In asking if such architecture is habitable, ones attention is not necessarily focused on what is to count as habitable space, but rather on whether the habitation is or is not the telos  or the goal of Architecture. Can Architecture both disturb and unsettle at the same time as house and settle? What Eisenman suggests is that a building has to function, but it does not have to look like it functions, that a building has to stand up, but it does not have to look like it stand up, and when it does not look like it function, or it does not look like it stands up, then it stands and it functions differently. As between Derrida’s thinking and his own there is a profound identity, these questions are addressed by Peter Eisenman through a process which he calls Dislocation. This has to do chiefly with those traditional binary oppositions between structure and decoration, abstraction and figuration, figure and ground, form and function, categories within which Eisenman’s architecture could begin an exploration of the between, between its old past and a repressed present. Eisenman suggests that to think such a radical transformation in our concepts is by way of linguistic figuration, especially those tropes that exert the most violently disruptive effect – like catachresis (the Greek for “misuse”). Paradox is central to Dislocating: a dislocating architecture must be at once presence and absence. Eisenman’s intention is to allow for the unintended, in a sense of giving a place to what which cannot be predicted: and if there is anything attractive about the building, then it is the result of chance – a search no longer dominated by Teleology. In Derrida’s words:

“What I hold and what in turn holds me in its grip, is the aleatory strategy of someone who admits that he does not know where he is going”[19](Sallis, J.(Ed.), Deconstruction and Philosophy, p.Xii).

Eisenman explains that one has to pull apart the one-to-one relationship between structure, form, meaning, content, symbolism, etc., so that it would be possible to make many meanings: that is to pull sign and signifier apart, and it has been suggested that it is possible to cut the fixed and supposedly immutable relationship between them. What one might call free floating signs [20](Eisenman,P., Architecture and the Problem of the Rhetorical...,p.19) – signs without the necessary meanings or the necessary relationship to their object – would be the result after cutting this relationship. In his letter to Eisenman, Derrida asks:

“What would be an architecture that, without holding, without standing upright, vertically, would not fall again into ruin? How do all these possibilities and even questions (those of holding up, holding together, standing or not) record themselves, if you think that they do? What traces do they leave?”[21](Derrida, J., A letter to Peter Eisenman, p.13)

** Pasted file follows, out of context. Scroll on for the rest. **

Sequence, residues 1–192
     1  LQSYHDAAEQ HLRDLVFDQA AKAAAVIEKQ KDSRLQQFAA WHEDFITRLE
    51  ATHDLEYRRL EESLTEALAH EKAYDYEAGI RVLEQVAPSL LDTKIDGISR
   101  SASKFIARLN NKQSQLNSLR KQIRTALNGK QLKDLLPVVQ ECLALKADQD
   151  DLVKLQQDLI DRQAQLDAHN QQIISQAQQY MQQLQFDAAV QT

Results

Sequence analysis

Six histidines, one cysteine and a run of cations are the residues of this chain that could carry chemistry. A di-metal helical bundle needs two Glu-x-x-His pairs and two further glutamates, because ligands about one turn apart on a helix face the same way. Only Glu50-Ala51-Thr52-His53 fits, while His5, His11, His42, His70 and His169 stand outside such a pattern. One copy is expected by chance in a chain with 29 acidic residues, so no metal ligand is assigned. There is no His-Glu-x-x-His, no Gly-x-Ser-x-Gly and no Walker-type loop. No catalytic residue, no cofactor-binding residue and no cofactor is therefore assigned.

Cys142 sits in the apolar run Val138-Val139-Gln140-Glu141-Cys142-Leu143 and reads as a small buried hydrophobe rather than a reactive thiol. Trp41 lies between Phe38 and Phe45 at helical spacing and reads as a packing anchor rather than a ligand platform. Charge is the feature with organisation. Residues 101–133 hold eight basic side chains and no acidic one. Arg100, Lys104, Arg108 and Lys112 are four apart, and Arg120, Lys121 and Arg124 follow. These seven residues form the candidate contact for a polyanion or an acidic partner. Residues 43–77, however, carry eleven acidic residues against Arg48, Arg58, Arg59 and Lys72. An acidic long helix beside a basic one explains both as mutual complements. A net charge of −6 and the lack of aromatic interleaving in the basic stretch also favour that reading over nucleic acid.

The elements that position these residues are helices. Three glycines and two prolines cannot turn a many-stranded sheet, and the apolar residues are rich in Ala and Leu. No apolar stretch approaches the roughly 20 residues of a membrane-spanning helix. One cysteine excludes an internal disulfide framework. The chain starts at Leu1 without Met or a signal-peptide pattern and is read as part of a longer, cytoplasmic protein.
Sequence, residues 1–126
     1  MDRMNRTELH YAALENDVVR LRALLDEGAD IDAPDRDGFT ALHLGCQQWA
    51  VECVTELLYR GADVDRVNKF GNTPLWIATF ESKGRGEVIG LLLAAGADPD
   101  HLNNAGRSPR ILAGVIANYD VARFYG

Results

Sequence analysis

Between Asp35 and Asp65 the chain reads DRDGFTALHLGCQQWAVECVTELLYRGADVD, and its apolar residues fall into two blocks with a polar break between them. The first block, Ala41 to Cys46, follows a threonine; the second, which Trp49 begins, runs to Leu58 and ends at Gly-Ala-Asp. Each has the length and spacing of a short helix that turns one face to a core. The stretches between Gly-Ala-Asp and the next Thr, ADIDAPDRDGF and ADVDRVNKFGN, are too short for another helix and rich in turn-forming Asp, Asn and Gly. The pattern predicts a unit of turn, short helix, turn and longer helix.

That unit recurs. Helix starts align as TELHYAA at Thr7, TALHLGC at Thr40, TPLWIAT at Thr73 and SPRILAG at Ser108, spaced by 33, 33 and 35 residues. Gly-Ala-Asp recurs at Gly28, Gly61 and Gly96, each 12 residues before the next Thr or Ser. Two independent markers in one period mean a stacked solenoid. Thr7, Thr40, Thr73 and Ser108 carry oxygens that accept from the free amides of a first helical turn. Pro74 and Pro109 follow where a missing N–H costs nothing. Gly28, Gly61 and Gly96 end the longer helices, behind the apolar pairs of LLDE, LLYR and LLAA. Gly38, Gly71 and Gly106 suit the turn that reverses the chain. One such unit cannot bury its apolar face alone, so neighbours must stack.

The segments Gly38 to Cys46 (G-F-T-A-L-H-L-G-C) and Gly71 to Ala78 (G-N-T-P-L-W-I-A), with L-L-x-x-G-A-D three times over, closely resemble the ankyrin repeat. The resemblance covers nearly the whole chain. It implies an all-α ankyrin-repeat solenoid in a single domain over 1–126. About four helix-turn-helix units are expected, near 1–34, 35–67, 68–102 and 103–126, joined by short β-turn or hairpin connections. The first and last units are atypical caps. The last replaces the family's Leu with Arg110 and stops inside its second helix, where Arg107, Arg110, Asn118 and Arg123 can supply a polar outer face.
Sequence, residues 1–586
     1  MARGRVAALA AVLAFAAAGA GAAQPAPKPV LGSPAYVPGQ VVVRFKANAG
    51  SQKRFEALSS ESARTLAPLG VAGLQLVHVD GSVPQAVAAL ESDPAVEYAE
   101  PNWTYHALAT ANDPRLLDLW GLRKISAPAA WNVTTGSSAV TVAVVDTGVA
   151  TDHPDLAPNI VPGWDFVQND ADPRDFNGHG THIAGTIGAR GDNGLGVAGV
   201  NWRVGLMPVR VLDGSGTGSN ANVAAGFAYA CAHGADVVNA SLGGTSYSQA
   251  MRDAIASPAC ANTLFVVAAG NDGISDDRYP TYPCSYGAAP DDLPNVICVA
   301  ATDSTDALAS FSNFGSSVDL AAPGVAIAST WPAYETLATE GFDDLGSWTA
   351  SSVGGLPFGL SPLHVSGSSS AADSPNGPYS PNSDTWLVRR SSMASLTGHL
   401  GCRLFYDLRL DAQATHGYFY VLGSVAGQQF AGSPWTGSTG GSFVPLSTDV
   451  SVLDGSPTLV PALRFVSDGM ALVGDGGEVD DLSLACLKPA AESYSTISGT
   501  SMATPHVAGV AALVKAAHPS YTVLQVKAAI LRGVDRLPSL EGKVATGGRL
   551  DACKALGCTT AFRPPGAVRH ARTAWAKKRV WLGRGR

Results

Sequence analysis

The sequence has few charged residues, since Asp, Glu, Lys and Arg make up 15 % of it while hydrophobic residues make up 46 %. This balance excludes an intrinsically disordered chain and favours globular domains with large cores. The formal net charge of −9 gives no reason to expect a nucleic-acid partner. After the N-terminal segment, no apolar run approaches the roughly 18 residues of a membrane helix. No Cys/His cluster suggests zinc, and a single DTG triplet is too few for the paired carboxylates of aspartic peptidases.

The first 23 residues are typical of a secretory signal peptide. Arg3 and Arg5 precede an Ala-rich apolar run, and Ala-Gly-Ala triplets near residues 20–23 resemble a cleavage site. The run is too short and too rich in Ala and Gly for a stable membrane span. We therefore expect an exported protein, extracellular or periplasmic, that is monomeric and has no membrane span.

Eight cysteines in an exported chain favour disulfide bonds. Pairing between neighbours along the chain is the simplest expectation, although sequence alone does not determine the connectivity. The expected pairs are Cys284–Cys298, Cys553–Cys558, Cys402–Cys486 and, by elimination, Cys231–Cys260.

Eisenman believes that it is improbable to effect in architecture what Derrida does in language. In Eisenman’s view, Derrida’s deconstruction of presence/absence dialectic is inadequate for architecture precisely because architecture is not a two-term, but a three-term system[22](Eisenman, P., Post/El Cards..., p.16). Architecture, unlike language, is dominated by presence, by the real existence of the signified. As Eisenman puts it, architecture requires one to detach the signified not only from its signifier, but also from its condition as presence. He believes that in architecture there is another condition, which he calls Presentness [23]( Eisenman, P., Post/El Cards..., p.16), a state that is neither absence nor presence, form nor function, neither the particular use of a sign nor the reality, but rather an excessive condition between sign and the Heideggerian notion of being (the late notion of the being as the process of the coming-to-pass of the truth). Eisenman thinks that as long as there is a strong bond between form and function, sign and being, the excess that contains the possibility of presentness will be repressed. What his architecture addresses is in his own words:

“The need to overcome presence, the need to supplement an architecture, that will always be and look like architecture, the need to break apart the strong bond between form and function[24](Eisenman, P., Post/El Cards..., p.16).

 Eisenman’s architecture is challenging precisely because it attacks traditional modes of anthropocentric representation – which he describes as “dangerous illusion”[25](Whiteman, Kipnis, Burdett, Strategies in Architectural..., p.182). Wexner Center for the Visual Arts, Ohio, is described by its architect as a non-building, or an archaeological earthwork whose essential elements are scaffolding and landscaping, a fractured and incomplete-looking building:

“Instead of symbolising its function as shelter, or as a shelter for art, it acts as a symbol of art as process and idea, of the ever changing nature of art and society:[26](Eisenman, P., Architectural Design, Vol.58, No.3/4, 1988, p.63)

 

In another celebrated building, the Biocenter for the University of Frankfurt, the initial formal conditions were created by extruding forms drawn from biological symbols. Eisenman has created a complx dialogue between the basic forms,  which were operated on with an amalgam of processes drawn from DNA replication and Fractal Geometry, and its distortions. The project is based on a symmetrical distribution of laboratory units along a spine which acts as the central circulation and social space. Because elements along this axis are relocated, they begin to also superimpose on other elements to reveal unexpected correspondences. What is revealed from the initial superpositions cannot be predicted. The result is a project showing a figurative architecture, where the architectonic construction is brought to reflect the most profound building system there is – that of life. The transformation of theory and the transformation of art go hand in hand.

Yet, as Peter Eisenman says:

“It is not so much that the look of architecture will change (architecture will always look like architecture) but rather the style and the significance of its look will be different”[27](Eisenman, P., Architecture as a Second Language, p.73).

 Copyright ©2009  Margot Jack